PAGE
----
How do oysters attach themselves to rocks? They need a glue, but a glue that can set in a watery environment. In this installment of "Joe's Big Idea," NPR's Joe Palca reports that glue could lead to medical advances.
I'm rather partial to Joe Palca's reports and this one is awesome. Joe interviews Jonathan Wilker, a chemist at West Lafayette who is studying how oysters create the natural adhesive they use to stick to rocks. Might not sound interesting but the research will likely help create adhesives for surgery, new non-posionous coatings that marine animals such as barnacles cannot stick too and other applications. Worth reading.
Palantir's data platform, Gotham, enables data integration, search and discovery, knowledge management, secure collaboration, and algorithmic analysis across a wide variety of data sources.
Palantir teamed with the OpenGeo to extend PostGIS to support WGS84 coordinate system and geodetic coordinates. This enabled Palantir to migrate from Oracle spatial to PostGIS as the underpinning spatial database for their Gotham platform. The benefits to the wider spatial community are signficiant since WGS84 based mapping is often a requirement in government and geoscience applications. Palantir's sponsored open source development undertaken by OpenGeo enables other to take advantage of the new features and integrate PostGIS into workflows. Click on the image or title to learn more.
Networks of interconnected nodes have long played a key role in cognitive science, from artificial neural networks to spreading activation models of semantic memory. Recently, however, a new Network Science has been developed, providing insights into the emergence of global, system-scale properties in contexts as diverse as the Internet, metabolic reactions or collaborations among scientists. Today, the inclusion of network theory into cognitive sciences, and the expansion of complex systems science, promises to significantly change the way in which the organization and dynamics of cognitive and behavioral processes are understood. In this paper, we review recent contributions of network theory at different levels and domains within the cognitive sciences.
Networks in Cognitive Science
Andrea Baronchelli, Ramon Ferrer-i-Cancho, Romualdo Pastor-Satorras, Nick Chater, Morten H. Christiansen
Biotechnological and life science innovations do not only lead to immense progress in diverse fields of natural science and technical research and thereby drive economic development, they also fundamentally affect the relationship between nature, technology and society. Taken this seriously, the ethical and societal assessment of emerging biotechnologies as for example synthetic biology is challenged not only to constrain on questions of biosafety and biosecurity but also to face the societal questions within the different fields as an interface problem of science and society. In order to map this vague and stirring field, we propose the concept of bio-objects to explore the reciprocal interaction at the interface of science and society serious as well to have the opportunity to detect possible junctions of societal discontent and unease before their appearance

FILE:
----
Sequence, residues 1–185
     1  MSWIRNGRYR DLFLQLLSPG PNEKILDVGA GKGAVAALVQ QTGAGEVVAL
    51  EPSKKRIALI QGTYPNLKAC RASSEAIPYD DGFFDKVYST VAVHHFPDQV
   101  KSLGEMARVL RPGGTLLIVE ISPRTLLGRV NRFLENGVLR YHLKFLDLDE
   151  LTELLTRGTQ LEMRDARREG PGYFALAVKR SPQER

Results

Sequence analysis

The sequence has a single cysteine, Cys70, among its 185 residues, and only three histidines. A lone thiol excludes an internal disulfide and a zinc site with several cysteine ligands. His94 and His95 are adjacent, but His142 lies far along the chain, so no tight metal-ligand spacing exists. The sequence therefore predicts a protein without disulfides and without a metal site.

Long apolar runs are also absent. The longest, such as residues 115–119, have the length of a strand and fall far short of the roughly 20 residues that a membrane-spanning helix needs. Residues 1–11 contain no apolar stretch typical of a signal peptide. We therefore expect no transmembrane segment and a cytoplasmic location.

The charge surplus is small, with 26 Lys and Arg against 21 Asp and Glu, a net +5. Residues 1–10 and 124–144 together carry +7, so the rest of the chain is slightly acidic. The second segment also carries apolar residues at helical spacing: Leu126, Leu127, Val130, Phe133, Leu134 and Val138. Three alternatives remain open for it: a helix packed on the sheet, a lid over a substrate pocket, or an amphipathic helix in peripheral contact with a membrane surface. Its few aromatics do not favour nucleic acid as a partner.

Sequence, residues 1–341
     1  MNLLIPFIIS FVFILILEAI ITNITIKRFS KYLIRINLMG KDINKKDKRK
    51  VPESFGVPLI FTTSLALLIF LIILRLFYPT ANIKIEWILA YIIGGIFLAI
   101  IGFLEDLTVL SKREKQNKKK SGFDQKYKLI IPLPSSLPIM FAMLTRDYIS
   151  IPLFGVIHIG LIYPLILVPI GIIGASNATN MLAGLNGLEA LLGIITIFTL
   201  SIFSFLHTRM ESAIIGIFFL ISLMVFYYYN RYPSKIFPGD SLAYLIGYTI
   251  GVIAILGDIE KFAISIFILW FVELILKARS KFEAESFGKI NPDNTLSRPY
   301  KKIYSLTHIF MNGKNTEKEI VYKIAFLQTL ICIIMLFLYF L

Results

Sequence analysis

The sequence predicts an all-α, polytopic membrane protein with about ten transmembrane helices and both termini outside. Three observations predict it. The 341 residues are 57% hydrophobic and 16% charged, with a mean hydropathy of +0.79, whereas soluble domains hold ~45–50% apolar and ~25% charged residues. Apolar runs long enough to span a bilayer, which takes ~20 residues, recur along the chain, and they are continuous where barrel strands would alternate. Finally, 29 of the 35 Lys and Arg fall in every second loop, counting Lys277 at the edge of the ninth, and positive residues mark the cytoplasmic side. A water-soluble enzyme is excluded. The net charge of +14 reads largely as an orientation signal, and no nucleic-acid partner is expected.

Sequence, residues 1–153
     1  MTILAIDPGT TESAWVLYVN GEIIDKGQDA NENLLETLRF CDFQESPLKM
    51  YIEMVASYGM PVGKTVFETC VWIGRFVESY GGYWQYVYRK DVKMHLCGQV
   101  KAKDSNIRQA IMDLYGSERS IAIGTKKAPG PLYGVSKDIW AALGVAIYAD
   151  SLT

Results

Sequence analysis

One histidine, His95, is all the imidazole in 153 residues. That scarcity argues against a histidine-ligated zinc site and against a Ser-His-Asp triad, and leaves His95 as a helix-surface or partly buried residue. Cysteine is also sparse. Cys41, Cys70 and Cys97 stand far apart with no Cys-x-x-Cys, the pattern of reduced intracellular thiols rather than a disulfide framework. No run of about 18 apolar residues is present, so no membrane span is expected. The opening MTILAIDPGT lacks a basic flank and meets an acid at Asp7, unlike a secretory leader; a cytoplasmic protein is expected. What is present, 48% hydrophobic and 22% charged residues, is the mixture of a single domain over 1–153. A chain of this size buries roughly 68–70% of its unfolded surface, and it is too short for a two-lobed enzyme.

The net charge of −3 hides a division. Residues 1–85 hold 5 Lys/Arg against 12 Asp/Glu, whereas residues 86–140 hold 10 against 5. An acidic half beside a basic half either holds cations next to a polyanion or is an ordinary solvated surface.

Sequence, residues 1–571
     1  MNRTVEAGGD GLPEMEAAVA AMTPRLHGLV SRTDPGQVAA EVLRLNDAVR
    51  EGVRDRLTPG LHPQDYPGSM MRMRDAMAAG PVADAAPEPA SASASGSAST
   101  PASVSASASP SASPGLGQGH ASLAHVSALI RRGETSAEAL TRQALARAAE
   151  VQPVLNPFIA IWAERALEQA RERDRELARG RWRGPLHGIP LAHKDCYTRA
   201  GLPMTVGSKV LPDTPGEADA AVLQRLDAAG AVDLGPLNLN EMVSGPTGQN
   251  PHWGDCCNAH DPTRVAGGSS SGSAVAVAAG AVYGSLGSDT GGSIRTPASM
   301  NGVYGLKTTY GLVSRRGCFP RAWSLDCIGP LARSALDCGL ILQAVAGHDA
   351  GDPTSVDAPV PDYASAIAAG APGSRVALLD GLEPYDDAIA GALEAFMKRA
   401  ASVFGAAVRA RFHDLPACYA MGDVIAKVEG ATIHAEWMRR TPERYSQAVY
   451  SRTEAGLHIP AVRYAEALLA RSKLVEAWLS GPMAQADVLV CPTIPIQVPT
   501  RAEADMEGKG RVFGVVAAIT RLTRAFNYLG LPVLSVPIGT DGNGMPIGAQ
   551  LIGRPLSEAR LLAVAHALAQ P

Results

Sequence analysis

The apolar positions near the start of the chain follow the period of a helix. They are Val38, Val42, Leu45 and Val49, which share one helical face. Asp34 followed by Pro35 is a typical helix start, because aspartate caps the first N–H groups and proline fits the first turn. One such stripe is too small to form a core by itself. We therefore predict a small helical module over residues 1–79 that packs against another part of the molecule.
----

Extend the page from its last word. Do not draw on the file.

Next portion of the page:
Ethical discussions walk the thin line between intellectual noise and useful guidance. Given the potential impact of bio tech I think this is a good step in the direction of discussions for useful guidance. Be interesting seeing how it develops.
How the blistering pace of technological change could have a profound impact on healthcare.
The combination of sensors and automated tests in areas of genetics and proteomics enable collection of largescale comprehensive health data for the first time. That data will generate insights into human biology, our bacterial biome and how our health systems work. Advances in large scale data processing, correlation and machine learning will help over the next decade to radically change our understanding of human biology. As data is collected and in silico experimentation mapped to invitrio understanding data will change our healthcare systems over the next 30 years. This BBC article gives a good insight into how and why this is starting to happen now.
Networks are commonly used to define underlying interaction structures where infections, information, or other quantities may spread. Although the standard approach has been to aggregate all links into a static structure, some studies have shown that the time order in which the links are established may alter the dynamics of spreading. In this paper, we study the impact of the time ordering in the limits of flow on various empirical temporal networks. By using a random walk dynamics, we estimate the flow on links and convert the original undirected network (temporal and static) into a directed flow network. We then introduce the concept of flow motifs and quantify the divergence in the representativity of motifs when using the temporal and static frameworks. We find that the regularity of contacts and persistence of vertices (common in email communication and face-to-face interactions) result on little differences in the limits of flow for both frameworks. On the other hand, in the case of communication within a dating site and of a sexual network, the flow between vertices changes significantly in the temporal framework such that the static approximation poorly represents the structure of contacts. We have also observed that cliques with 3 and 4 vertices containing only low-flow links are more represented than the same cliques with all high-flow links. The representativity of these low-flow cliques is higher in the temporal framework. Our results suggest that the flow between vertices connected in cliques depend on the topological context in which they are placed and in the time sequence in which the links are established. The structure of the clique alone does not completely characterize the potential of flow between the vertices.